California Assembly approves bill to ban toxic ‘forever chemicals’ from food packaging

Bill would also ban false ‘PFAS-free’ marketing claims

SACRAMENTO, Calif. – Today, the California Assembly passed Assembly Bill 1200 by a vote of 43-12. If enacted, the law would ban the toxic “forever chemicals” called PFAS from paper, paperboard or plant-based food packaging and serveware.

The measure by Assemblymember Phil Ting (D-San Francisco) would also require manufacturers to label cookware that contains toxic chemicals, and to publish on their websites a list of those chemicals present in their pots and pans.

“Federal regulations on PFAS allow companies to self-certify that a chemical used in their food packaging is safe,” said Assemblymember Ting. “That’s not good enough for me – not when our health and environment suffer the consequences. Manufacturers should use safer alternatives so that our families aren’t ingesting harmful chemicals.”

California would become the fourth state to prohibit PFAS from food packaging, joining Maine, New York and Washington.

“Because of a broken federal chemical regulatory system, states are stepping up to protect the health of its citizens from hazardous chemicals added to food packaging,” said Susan Little, the Environmental Working Group’s senior advocate for California government affairs. “This law will protect Californians by reducing their exposure to PFAS in food.”

In 2018, Washington was the first state to ban the use of PFAS in food packaging, a law that takes effect at the first of next year. In 2019, Maine passed a bill to ban the use of PFAS in food packaging as early as January 2022. And last year, New York Gov. Andrew Cuomo signed into law a ban on PFAS in paper- and plant-based food packaging, which will take effect at the end of next year. The National Defense Authorization Act for FY 2020 also bans the use of PFAS in food packaging for military meals after October 1. 

The bill also prohibits cookware companies from making false marketing claims implying that products are PFAS-free.

“PFAS are also used in nonstick coatings for cookware and bakeware, and are released into air when the pots, pans and baking sheets reach high temperatures,” Little explained. “Products that claim to be produced without PFOA, the PFAS chemical that once was used to make DuPont’s Teflon, are often coated with another form of PFAS. This bill also prevents companies from claiming a product is free of PFOA if another chemical in the same family is present.”

PFAS are a class of thousands of chemicals linked to increased risk of cancerharm to fetal development and reduced vaccine effectiveness. They are known as “forever chemicals” because they do not break down in the environment and they build up in our blood and organs.

“Food is a major source of exposure to PFAS, and there is no reason these chemicals should be in packaging,” said David Andrews, Ph.D., a senior scientist at EWG. “In addition to PFAS leaching from food packaging into food, it can accumulate in fish and meat, and farmers may inadvertently contaminate their crops with PFAS when irrigating with contaminated groundwater or from using contaminated compost.”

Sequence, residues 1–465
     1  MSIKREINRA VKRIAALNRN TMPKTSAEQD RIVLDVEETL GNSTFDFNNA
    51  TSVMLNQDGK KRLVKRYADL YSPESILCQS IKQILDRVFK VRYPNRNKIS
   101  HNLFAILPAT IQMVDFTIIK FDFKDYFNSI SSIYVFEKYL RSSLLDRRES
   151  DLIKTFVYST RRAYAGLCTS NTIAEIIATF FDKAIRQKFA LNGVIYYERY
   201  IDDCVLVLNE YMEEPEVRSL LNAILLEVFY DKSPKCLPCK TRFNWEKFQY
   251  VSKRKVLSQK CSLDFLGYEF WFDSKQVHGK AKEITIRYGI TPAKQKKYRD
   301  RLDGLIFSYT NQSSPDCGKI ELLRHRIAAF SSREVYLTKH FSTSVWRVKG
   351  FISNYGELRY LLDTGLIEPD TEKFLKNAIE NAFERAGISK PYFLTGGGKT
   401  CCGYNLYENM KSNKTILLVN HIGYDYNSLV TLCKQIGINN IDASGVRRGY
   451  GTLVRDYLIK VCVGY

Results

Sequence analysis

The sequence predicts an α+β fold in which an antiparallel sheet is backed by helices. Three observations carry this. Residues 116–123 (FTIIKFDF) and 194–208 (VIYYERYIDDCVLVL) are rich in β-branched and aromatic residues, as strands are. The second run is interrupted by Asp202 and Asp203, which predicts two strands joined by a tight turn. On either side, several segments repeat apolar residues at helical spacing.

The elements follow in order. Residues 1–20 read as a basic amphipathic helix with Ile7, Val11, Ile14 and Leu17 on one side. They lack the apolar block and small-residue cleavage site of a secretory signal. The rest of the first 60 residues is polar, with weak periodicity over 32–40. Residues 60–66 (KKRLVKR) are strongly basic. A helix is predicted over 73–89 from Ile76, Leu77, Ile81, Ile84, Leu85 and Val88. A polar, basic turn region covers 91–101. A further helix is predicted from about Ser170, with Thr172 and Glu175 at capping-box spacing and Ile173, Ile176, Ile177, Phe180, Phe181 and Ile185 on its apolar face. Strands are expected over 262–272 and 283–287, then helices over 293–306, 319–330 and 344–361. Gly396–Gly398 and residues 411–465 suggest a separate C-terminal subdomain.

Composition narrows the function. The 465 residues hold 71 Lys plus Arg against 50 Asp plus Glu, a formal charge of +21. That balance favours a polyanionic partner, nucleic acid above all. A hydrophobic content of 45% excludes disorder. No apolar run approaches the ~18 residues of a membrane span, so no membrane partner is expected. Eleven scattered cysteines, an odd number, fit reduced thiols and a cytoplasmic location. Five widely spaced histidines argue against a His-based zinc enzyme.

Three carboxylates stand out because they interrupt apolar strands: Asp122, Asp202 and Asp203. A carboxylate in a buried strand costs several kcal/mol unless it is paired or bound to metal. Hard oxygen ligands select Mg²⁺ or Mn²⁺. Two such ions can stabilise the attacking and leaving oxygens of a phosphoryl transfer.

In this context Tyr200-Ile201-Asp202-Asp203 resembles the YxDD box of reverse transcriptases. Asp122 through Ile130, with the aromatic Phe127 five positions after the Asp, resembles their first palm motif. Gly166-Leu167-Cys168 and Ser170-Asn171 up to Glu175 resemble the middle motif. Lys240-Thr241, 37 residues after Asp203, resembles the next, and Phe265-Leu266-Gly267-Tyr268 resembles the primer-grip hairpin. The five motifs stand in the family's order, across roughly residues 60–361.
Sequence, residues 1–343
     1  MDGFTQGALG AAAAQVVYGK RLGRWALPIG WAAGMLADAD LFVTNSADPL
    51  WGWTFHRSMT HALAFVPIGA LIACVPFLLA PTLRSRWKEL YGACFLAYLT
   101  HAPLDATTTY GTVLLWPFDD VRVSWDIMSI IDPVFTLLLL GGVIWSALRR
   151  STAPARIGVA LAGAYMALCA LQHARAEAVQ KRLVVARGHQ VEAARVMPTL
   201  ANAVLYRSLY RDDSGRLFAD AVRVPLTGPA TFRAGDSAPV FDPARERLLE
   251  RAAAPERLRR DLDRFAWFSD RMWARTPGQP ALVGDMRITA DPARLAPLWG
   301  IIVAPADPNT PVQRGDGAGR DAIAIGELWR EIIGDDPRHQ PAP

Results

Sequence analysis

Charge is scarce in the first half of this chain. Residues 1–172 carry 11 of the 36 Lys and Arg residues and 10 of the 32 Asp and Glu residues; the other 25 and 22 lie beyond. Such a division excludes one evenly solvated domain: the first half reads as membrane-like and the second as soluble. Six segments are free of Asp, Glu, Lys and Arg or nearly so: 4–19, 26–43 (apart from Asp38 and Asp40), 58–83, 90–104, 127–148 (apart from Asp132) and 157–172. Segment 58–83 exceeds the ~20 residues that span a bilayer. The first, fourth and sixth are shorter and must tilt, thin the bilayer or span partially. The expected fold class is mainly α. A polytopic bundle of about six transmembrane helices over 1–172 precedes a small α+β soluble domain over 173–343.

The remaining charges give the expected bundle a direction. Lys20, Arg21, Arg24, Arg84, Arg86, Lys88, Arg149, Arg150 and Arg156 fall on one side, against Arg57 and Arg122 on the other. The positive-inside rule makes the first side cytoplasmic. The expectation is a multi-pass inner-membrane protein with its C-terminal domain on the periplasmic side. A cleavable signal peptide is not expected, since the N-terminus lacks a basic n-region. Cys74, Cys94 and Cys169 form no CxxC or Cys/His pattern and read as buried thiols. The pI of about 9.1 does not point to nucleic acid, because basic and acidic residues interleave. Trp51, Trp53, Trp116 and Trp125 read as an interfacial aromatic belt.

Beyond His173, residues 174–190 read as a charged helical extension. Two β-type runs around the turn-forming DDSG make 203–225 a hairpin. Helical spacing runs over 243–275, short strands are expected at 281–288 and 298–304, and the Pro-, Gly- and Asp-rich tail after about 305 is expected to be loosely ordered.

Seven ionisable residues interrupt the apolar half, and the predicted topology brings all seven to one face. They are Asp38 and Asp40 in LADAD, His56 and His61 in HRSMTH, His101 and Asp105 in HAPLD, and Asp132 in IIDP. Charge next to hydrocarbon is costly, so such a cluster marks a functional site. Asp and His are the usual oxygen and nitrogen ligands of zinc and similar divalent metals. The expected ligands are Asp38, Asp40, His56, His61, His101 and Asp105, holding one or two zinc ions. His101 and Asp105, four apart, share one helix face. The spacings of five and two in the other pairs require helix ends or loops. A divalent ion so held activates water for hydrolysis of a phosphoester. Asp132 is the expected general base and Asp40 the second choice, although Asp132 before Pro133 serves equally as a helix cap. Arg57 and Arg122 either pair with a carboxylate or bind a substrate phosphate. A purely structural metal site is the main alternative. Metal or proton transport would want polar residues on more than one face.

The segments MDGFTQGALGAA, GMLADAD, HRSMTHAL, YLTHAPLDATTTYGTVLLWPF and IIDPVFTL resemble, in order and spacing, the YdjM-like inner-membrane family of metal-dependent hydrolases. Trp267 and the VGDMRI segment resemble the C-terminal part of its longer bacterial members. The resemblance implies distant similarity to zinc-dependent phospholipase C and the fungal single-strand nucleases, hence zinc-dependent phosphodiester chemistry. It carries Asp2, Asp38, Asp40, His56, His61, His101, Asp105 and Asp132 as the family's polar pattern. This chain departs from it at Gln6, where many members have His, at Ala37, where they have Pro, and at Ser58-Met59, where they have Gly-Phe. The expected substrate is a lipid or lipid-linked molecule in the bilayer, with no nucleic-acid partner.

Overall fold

In 2017, an EWG report based on nationwide testing highlighted the fact that most fast food chains continued to use food wrappers, bags and boxes coated with PFAS, even after having been alerted to health concerns more than a decade earlier.

Scientists from nonprofit research organizations including EWG, federal and state regulatory agencies, and academic institutions collaborated to collect and test 327 samples used to serve food, of which 40 percent tested positive for fluorine, a chemical that indicates the presence of PFAS. The full study findings were published in a peer-reviewed manuscript by the journal Environmental Science & Technology Letters.

In November 2017, two of the most notorious PFAS chemicals – PFOA, the Teflon chemical, and PFOS, formerly an ingredient in 3M’s Scotchgard – were added to California’s Proposition 65 registry of chemicals known to the state to cause reproductive toxicity. Inclusion on the registry means products that may expose consumers to PFOA or PFOS must carry warnings.

The bill will now move to the state Senate, where it will be heard by the Environmental Quality Committee. All bills must be passed out of the legislature by the end of August. 

EWG, Breast Cancer Prevention Partners, Clean Water Action, the Natural Resources Defense Council and the Center for Environmental Health are co-sponsors of the bill.


The Environmental Working Group is a nonprofit, non-partisan organization that empowers people to live healthier lives in a healthier environment. Through research, advocacy and unique education tools, EWG drives consumer choice and civic action.

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